MINNEAPOLIS -- The NFL will have four independent concussion specialists on hand for Super Bowl LII, the result of multiple changes to its protocol over the course of the 2017 season.
The first iteration of the NFL's current policy, established in 2014, placed one unaffiliated neurological consultant -- known as a "UNC" -- on each team's sideline. The UNCs work with team physicians and athletic trainers to spot, evaluate and treat concussion symptoms during a game. After a heavily criticized delay in noticing the distress of Houston Texans quarterback Tom Savage in Week 14, the league added two additional UNC roles for the playoffs.
One serves as a backup "floater" in the event that another UNC is occupied. The other has been working as a centralized spotter in the league's New York headquarters. That UNC will join the other three at U.S. Bank Stadium on Sunday.
During a meeting Tuesday with a small group of reporters, Dr. Allen Sills -- the NFL's chief medical officer -- said the league will study the possibility of making those changes permanent during the offseason.
The NFL announced last week that the number of concussions rose to 281 during the preseason and regular season, the highest total since the league began releasing data in 2012. Sills reiterated that he is "disappointed" with the increase but pushed back on public criticism of the protocol itself.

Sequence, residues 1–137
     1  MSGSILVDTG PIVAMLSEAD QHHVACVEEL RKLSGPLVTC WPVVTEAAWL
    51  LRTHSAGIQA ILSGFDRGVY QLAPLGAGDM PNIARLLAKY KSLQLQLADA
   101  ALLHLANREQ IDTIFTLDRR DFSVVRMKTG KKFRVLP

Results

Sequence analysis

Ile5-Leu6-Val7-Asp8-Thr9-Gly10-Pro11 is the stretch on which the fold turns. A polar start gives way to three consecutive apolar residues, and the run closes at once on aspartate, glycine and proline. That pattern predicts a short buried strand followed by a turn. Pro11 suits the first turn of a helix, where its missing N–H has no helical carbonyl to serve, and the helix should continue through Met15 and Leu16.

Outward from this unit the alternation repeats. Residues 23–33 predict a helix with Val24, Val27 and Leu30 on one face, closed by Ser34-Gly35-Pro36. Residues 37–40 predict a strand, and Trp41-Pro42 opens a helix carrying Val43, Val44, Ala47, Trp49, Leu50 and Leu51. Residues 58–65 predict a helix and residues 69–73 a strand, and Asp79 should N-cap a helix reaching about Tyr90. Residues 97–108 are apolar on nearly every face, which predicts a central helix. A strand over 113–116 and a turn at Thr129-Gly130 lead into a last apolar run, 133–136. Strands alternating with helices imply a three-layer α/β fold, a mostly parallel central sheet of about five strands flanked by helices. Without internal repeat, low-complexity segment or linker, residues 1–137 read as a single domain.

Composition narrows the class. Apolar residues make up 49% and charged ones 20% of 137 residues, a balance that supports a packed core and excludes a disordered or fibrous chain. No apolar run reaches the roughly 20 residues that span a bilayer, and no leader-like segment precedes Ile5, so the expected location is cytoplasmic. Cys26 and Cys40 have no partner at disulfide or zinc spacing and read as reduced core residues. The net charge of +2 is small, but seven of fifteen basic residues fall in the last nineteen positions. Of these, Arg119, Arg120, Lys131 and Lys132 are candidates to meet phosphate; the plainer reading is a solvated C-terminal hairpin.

"I like to say it wasn't written on the back of an envelope on an elevator ride one day," Sills said. "There is a tremendous amount of planning, of study, of preparation, of gathering of expert opinion. And frankly, I find it very offensive when people say, 'Gosh, the concussion protocol is a joke.' Because it is a very rare scientific document.
"No protocol is perfect. No protocol accounts for every single medical scenario, and that's why we have to continue to make it better. But we are incredibly dedicated to the task of making it as a good as it can be."
The NFL's concussion policy is unmatched in modern sports, Sills said. Of more than 600 concussion tests performed this season, three came under review. The Seattle Seahawks were fined $100,000 for failing to test quarterback Russell Wilson in Week 10. The Savage play resulted in multiple protocol changes, including the UNC additions. Meanwhile, the league found no fault in the Carolina Panthers' treatment of quarterback Cam Newton after he suffered an eye injury in the wild-card round of the playoffs.
"I've worked in a whole bunch of pro sports and 20-plus years in college," Sills said, "and I would say that our protocol for concussions in the NFL is at the top of the class. ... We have a tremendous investment in getting this right and making it the best it can be, and we have nothing to hide. Our protocol is on our website. We're in the process of submitting it for publication. Our concussion protocol is not a secret, and that's not true for every other league. If you wanted to get some others, you might not find them."